A battle over government funding of a children’s lobby, the Child Welfare Society of Kenya (CWSK), and properties it owns has landed in court.
Bernard Odero, a lawyer, has sued CWSK, the Labour and Social Protection Cabinet secretary, and the Attorney General. He argues that the government should stop funding the organisation, and that it should be barred from dealing with at least 10 properties.
Mr Odero has asked the court to bar CWSK from dealing with properties in Kisumu, Nairobi, Lodwar and Kiambu. He also lists four properties in Mombasa and Mavoko, and two plots in Nakuru and Bungoma.
In the case filed before Justice Hedwig Ong’undi, Odero claims that the society is a private entity and therefore should not receive public funds.
“The first respondent is neither a public body nor a body regulated by the government or audited by the Auditor General as required by the Constitution for an entity or person receiving public funds,” claims Odero.
According to the lawyer, CWSK, through its life member Boyi Mickey Otolo, filed a case in 2019 and clarified that the society is not a public entity.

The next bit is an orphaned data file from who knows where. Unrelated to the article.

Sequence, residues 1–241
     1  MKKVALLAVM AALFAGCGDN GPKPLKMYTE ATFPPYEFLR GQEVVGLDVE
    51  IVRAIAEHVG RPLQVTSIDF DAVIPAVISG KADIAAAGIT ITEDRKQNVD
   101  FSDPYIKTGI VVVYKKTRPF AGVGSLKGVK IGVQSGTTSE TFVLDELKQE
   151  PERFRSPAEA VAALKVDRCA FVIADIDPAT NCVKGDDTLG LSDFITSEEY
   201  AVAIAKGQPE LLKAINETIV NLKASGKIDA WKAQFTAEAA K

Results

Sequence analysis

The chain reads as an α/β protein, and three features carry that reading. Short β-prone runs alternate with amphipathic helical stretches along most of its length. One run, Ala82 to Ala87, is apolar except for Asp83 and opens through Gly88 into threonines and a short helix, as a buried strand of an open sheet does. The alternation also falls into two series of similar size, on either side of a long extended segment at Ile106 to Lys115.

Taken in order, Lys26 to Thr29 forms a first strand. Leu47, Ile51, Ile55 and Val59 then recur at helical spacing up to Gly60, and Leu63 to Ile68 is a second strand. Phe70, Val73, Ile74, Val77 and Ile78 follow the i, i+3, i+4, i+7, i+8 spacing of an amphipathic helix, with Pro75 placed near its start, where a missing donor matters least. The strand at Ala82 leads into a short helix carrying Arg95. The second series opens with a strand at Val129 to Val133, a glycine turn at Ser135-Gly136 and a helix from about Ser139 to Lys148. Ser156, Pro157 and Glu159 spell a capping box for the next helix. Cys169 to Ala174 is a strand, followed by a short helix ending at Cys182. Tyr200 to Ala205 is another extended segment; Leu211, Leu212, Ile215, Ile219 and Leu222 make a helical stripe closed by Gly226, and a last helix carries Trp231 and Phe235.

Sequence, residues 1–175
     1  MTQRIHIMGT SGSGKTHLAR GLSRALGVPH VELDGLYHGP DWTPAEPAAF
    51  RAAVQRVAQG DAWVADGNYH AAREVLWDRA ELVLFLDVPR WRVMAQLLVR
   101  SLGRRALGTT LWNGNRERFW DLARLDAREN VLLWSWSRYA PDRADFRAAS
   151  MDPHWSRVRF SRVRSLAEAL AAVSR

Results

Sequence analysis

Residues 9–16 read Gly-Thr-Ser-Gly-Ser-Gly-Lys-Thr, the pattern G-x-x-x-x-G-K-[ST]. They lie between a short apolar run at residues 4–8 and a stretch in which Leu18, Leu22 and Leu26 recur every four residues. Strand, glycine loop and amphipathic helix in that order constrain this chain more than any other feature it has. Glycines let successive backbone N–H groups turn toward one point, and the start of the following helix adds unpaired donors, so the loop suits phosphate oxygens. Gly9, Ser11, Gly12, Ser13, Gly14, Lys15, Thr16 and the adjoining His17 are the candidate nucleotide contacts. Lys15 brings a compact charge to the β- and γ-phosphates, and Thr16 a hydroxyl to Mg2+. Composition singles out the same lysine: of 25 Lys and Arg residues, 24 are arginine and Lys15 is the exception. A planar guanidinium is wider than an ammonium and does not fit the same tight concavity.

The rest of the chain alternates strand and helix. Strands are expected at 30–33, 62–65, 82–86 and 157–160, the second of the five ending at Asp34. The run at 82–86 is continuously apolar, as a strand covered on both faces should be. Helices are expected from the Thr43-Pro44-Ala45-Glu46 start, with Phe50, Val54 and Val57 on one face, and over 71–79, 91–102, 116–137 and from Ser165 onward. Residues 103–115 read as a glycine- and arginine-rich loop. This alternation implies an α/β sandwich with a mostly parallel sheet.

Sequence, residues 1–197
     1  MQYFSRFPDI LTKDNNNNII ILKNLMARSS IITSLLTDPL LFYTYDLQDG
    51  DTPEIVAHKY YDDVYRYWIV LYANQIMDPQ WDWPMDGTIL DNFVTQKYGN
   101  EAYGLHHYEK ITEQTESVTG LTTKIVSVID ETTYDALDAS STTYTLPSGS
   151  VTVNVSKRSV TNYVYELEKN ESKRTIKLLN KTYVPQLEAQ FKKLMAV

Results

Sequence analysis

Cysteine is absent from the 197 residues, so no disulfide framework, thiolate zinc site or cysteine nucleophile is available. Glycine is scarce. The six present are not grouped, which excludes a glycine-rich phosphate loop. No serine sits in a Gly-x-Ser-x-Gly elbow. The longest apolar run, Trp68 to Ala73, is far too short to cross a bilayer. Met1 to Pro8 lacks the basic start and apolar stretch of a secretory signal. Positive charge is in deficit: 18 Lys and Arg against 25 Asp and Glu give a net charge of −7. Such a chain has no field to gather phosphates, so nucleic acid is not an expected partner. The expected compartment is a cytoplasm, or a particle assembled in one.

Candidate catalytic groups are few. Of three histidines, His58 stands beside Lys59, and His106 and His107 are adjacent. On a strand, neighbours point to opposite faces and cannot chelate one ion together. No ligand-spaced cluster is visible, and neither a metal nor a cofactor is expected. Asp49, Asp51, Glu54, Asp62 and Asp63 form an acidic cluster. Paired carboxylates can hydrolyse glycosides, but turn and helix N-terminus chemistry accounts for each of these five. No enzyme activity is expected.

The lawyer is of the view that the government had tried to convert the society into a government agency but Otolo challenged a notice published in 2014.
He asserts that CWSK is registered as a society and cannot benefit from taxpayers’ money.
“The first respondent is a private entity registered under the Societies Act and has no public mandate nor obligation known in law and is not accountable for any public duty whether financial or otherwise,” he claims.
According to Odero, the society is treated as a State corporation “merely because under the preamble of its Constitution, the president and minister responsible for children affairs in the Government of Kenya are co-opted as the patron and deputy patron, respectively”. Odero also argues that after the case, the CS suspended the notice but the government has not ceased funding CWSK.
He wants the government to be forced to recover all the money it has spent on society. At the same time, he wants the properties he has listed in the case reverted to the government.
“The Constitution does not contemplate that a private entity could lawfully receive and utilize public funds and other resources at its whims, neither does it contemplate that a private entity could be funded from public funds without the funds being accounted for,” he argues.
Justice Ong’undi directed that the case be mentioned on February 6.